As avid fans of the Treo 650, employees at medical devices manufacturer FoxHollow Technologies Inc., are not rushing to upgrade to the brand new 700p anytime soon.
“There’s nothing immediately that screams I have to have this in our environment,’’ observes Norman Leong, service desk supervisor at the Redwood City, Calif.-based company, which makes a device that removes plaque from arteries.
The most notable change for FoxHollow staffers testing the device, released by Palm in May, is the additional memory, says Leong.
The 700p has twice the memory of a 650, and four times the resolution in the camera, according to Tara Griffin, vice president of enterprise markets at Palm in New York. The 700p also includes the ability to view PDF files for the first time, she says.
“It’s like going from dial-up to cable modem, so the speed increase is very obvious,’’ says Griffin. “This network allows you to do so much more, like stream video or audio … It’s like having Ethernet in your pocket.”
The other major change is the 700p is the first Treo to offer dial-up networking, Griffin says. “You can take your Treo and tether it to a laptop and use your Treo as a modem for your laptop. So you can turn your laptop into high speed access so you don’t have to look for a hotspot at Starbucks and you don’t need an extra PC card.”
“It is a significant upgrade,’’ agrees Jack Gold, principal of J. Gold Associates, a technology research firm specializing in mobile issues. “The 650 … has been around a while and the useful life on a device is 12 to 18 months these days. The upgrade cycle is there anyway.”
Gold believes users who upgrade will be split almost evenly between the 700p, which uses Palm’s proprietary operating system, and the 700w, a Windows-based device Palm introduced in January. “The real question is if a company is going to buy a standard device, will it be the 700p? That’s not clear,” he says.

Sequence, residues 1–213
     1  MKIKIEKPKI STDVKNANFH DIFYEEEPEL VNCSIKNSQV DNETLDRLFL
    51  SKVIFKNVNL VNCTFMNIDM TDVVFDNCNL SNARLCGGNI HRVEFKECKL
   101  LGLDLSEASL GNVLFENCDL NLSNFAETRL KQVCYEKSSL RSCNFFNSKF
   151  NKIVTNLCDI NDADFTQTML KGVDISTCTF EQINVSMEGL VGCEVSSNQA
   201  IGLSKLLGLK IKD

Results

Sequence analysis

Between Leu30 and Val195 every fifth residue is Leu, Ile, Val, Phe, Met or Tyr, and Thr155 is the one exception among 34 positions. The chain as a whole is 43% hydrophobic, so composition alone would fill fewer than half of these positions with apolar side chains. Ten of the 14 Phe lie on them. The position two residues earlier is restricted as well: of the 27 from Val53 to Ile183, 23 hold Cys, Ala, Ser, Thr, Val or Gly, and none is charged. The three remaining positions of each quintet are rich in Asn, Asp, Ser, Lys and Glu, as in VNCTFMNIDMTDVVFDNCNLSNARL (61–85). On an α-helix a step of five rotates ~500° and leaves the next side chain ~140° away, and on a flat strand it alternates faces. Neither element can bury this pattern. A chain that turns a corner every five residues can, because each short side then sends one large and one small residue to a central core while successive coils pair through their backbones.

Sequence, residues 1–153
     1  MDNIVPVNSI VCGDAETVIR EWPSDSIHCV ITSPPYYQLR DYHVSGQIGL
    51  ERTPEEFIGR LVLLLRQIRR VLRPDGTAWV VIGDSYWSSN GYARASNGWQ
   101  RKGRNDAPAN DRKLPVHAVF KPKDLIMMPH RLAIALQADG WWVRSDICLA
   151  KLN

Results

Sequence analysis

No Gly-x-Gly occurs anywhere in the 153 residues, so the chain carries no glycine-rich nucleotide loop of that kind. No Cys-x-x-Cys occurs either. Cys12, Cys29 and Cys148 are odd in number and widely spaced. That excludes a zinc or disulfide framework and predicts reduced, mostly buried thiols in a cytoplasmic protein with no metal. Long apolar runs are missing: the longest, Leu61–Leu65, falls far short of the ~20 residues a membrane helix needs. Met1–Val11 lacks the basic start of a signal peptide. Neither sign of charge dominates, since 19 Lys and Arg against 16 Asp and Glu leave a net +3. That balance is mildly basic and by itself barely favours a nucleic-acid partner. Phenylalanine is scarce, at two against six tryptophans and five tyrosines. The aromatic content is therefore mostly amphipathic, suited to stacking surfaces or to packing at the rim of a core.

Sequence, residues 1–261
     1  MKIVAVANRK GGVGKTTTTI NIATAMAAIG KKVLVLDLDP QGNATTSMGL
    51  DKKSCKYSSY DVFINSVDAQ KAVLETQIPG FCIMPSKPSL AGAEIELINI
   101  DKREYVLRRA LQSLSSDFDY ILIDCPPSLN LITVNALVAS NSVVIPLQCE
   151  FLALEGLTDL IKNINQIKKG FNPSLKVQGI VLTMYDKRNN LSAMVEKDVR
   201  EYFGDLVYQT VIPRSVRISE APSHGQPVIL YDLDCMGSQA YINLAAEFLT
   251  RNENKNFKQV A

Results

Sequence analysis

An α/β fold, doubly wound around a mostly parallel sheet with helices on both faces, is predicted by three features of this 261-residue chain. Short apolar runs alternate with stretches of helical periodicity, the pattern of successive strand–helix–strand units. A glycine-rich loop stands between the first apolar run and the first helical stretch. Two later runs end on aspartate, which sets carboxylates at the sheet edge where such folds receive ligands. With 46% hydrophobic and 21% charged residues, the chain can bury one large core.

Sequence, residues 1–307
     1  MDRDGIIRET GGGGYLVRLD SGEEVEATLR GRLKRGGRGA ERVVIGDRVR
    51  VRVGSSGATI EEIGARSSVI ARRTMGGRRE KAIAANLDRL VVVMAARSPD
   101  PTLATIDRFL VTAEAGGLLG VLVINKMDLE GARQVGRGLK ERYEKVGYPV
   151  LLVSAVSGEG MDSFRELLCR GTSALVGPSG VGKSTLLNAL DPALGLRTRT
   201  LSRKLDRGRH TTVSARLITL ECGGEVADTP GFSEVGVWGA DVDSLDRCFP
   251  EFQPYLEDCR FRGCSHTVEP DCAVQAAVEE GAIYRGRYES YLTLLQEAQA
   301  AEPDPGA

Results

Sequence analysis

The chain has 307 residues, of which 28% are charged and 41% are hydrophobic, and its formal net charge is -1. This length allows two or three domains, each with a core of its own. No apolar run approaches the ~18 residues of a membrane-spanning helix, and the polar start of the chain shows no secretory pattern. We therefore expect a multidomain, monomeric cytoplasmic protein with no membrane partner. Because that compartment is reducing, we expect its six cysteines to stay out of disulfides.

Companies today deploy handheld devices with an application focus rather than just for wireless access to email, and that may mean a preference toward a Windows-powered device, he says, since most applications are Windows based. Palm is covered either way, since they offer both platforms.
The camera, browser, memory and user interface have all been improved, and that’s the main concern of users, since they want their personal devices to be easier to use, Gold says.
“Are these revolutionary improvements? Have they lifted the bar 16 feet in the air from where they were? No, but they’ve made enough improvements where this will be attractive to people,’’ Gold says. “I think they will do very well with this device on an upgrade cycle from people who have had 650 and want something new but not a completely revolutionary device.”
That’s how FoxHollow Technology’s Leong sees it: nice, but nothing earth-shattering. His team has put two applications on the 700ps — Good Technology’s Goodlink and Kinoma, which is a video player.
“We have an animation of our product and angiograms from cases we’ve converted to that format that can be played on their [handhelds]. Instead of dragging out a laptop and firing it up and showing the video to doctors or whoever, we can show them what we’re about very quickly. So we use it as a sales tool,’’ Leong says.
‘Pretty Big Hassle’
He says they have also purchased a single 700w from Verizon to see how the Windows mobile platform would play in their environment. As a result, Leong thinks it is “very unlikely” they will migrate onto the Windows-based platform as the 650s need to be replaced. Most people at FoxHollow are more familiar with the Palm OS, he notes.
While Leong says the transition to the new handhelds will be a “pretty big hassle” for IT, he admits that they have become an indispensable work productivity tool.
“Once they start using it, they’re pretty dependent on it, as evidenced by an email I got this morning from a sales rep who either lost or misplaced his phone,’’ Leong says. “You hear from these people pretty quickly–specifically from sales people.”
The migration will probably start for senior staff later on this year so there won’t be what Leong calls “Treo envy.”
Although he says they’d be fine if they stayed on the 650s indefinitely, Leong is looking forward to watching the technological advancements in handhelds. He envisions the ability to push out daily sales numbers and be able to better manipulate Word documents and Excel spreadsheets attached inside of emails.
“I’m sure there’s going to be much more out there for vertical markets,’’ he says. “We hit a certain segment so what we use is probably just scratching the surface.”